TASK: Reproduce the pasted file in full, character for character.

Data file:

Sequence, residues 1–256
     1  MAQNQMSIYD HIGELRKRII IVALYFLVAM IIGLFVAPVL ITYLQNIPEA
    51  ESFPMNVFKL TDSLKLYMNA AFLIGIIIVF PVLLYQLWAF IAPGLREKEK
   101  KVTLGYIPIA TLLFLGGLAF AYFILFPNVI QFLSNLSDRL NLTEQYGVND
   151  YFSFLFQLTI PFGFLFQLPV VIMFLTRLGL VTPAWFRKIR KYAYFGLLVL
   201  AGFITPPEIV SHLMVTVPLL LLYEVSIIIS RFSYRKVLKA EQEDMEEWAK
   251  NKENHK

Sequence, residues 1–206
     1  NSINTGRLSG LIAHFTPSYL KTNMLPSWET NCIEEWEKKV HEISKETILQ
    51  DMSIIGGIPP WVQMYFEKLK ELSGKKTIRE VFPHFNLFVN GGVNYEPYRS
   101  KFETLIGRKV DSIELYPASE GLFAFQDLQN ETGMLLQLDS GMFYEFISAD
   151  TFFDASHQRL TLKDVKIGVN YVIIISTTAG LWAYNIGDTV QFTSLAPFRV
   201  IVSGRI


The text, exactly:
Sequence, residues 1–256
     1  MAQNQMSIYD HIGELRKRII IVALYFLVAM IIGLFVAPVL ITYLQNIPEA
    51  ESFPMNVFKL TDSLKLYMNA AFLIGIIIVF PVLLYQLWAF IAPGLREKEK
   101  KVTLGYIPIA TLLFLGGLAF AYFILFPNVI QFLSNLSDRL NLTEQYGVND
   151  YFSFLFQLTI PFGFLFQLPV VIMFLTRLGL VTPAWFRKIR KYAYFGLLVL
   201  AGFITPPEIV SHLMVTVPLL LLYEVSIIIS RFSYRKVLKA EQEDMEEWAK
   251  NKENHK

Sequence, residues 1–206
     1  NSINTGRLSG LIAHFTPSYL KTNMLPSWET NCIEEWEKKV HEISKETILQ
    51  DMSIIGGIPP WVQMYFEKLK ELSGKKTIRE VFPHFNLFVN GGVNYEPYRS
   101  KFETLIGRKV DSIELYPASE GLFAFQDLQN ETGMLLQLDS GMFYEFISAD
   151  TFFDASHQRL TLKDVKIGVN YVIIISTTAG LWAYNIGDTV QFTSLAPFRV
   201  IVSGRI